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The effect of manipulating apoptotic cell uptake on their immunogenicity

The effect of manipulating apoptotic cell uptake on their immunogenicity
The effect of manipulating apoptotic cell uptake on their immunogenicity
Failure of the immune system to differentiate between apoptotic tumour cells and cells rendered apoptotic as part of homeostasis prevents a successful response being mounted against tumours. Apoptotic cells are cleared rapidly by professional phagocytes thus preventing the release of potentially inflammatory or immunogenic material into the surrounding environment. In addition, macrophages release immuno-suppressive cytokines such as tumour growth factor ? (TGF-?) and interleukin-10 (IL-10) that dampen the initiation of cytotoxic T cell (CTL) immunity and render T cells tolerant. It was hypothesised that manipulation of this clearance pathway, which is normally employed to prevent autoimmunity, may alleviate immuno-suppression of apoptotic tumour cells and promote the expansion of a tumour antigen-specific T cell response.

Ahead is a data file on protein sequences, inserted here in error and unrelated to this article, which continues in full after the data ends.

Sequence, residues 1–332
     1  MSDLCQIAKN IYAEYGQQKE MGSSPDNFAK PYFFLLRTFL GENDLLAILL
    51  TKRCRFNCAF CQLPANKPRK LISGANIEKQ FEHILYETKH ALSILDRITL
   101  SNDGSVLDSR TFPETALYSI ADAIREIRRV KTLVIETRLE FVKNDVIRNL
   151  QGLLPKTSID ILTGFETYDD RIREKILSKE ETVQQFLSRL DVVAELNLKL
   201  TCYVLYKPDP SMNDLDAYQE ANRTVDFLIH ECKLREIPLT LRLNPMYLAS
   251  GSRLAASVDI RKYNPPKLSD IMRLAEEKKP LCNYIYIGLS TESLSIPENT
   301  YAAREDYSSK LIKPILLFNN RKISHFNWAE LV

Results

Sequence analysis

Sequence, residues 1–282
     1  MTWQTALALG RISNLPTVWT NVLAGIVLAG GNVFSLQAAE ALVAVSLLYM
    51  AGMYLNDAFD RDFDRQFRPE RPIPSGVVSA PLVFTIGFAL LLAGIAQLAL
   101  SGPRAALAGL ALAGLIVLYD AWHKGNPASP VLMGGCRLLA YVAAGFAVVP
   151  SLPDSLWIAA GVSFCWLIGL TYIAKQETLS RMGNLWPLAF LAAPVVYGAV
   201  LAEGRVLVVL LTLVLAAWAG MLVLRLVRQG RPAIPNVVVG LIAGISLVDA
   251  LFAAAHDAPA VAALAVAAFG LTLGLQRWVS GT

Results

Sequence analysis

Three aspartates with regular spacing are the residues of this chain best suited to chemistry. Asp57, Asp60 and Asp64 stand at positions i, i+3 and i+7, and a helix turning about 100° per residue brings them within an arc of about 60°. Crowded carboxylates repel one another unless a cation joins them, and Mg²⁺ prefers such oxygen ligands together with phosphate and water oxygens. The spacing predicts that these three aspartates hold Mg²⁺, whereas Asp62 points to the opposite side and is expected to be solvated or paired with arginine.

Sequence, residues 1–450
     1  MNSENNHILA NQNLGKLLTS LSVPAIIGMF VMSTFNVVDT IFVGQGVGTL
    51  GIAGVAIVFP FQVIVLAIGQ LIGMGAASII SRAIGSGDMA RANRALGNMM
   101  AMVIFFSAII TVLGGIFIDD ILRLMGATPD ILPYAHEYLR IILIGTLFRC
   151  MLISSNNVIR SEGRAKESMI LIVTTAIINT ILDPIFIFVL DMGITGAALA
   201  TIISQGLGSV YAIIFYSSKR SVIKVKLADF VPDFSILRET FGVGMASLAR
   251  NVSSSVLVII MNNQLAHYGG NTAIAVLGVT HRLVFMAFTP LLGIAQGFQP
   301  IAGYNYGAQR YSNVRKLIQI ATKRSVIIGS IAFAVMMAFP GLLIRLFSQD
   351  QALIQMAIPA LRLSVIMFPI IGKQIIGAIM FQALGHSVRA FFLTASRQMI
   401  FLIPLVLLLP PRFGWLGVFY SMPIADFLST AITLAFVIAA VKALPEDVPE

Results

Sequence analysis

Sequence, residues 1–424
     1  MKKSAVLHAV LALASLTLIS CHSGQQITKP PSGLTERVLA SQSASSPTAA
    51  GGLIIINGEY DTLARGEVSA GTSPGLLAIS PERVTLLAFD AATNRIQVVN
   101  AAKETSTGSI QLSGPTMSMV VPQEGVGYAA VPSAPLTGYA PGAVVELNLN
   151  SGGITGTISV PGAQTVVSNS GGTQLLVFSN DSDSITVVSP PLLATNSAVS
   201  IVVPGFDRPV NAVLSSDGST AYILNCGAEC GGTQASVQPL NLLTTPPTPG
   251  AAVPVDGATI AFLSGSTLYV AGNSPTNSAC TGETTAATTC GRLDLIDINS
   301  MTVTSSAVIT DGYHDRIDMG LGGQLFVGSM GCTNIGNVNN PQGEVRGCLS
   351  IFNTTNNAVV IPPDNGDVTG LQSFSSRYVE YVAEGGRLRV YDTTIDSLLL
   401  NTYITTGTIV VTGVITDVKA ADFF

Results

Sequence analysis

Milk fat globule – epidermal growth factor 8 (MFG-E8) is a glycoprotein secreted by activated macrophages and immature dendritic cells. It facilitates the uptake of apoptotic cells by acting as a bridging molecule between integrins on the phagocyte and phosphatidylserine (PS) on the apoptotic cell surface. Here, two recombinant dominant-negative MFG-E8 proteins were generated: one which is shown to inhibit PS-dependent apoptotic cell uptake by macrophages by over 40% (DN-MFG-E8), and a second which re-directed apoptotic cells through Fc? receptors and conferred enhanced phagocytosis by both macrophages and immature dendritic cells (DN-MFG-E8-Fc) in a dose-dependent manner.
Cross-presentation of cell-associated antigen by bone marrow-derived dendritic cells (BMDCs) was determined by CD8+ T cell proliferation assays in vitro and in vivo. Loading BMDCs with apoptotic cells via a PS-independent pathway or through Fc? receptors (Fc?Rs) reduced their ability to induce CD8+ T cell proliferation in vivo, suggesting the blockade of a mechanism which is intrinsic for DC maturation or migration. Similarly, the balance between activating and inhibitory Fc?Rs proved essential for effective DC maturation. Apoptotic cells treated with DN-MFG-E8-Fc protein resulted in upregulation of costimulatory molecules, CD86 and CD70, when BMDCs were deficient for the inhibitory Fc?R, Fc?RIIb.
Additionally, the immunosuppressive effect of apoptotic cells on antibody production proved dependent on the exposure of PS; whereby both DN-MFG-E8 and DN-MFG-E8-Fc proteins were shown to alleviate this suppression.
Attfield, Kathrine Elizabeth
838635f0-dbdc-494f-8881-3c6553aa16ef
Attfield, Kathrine Elizabeth
838635f0-dbdc-494f-8881-3c6553aa16ef
Al-Shamkhani, Aymen
0a40b3ce-9d71-4d41-9369-7212f0a84504
Glennie, Martin
9f6f0eff-4560-48c2-80cd-0ec116110ded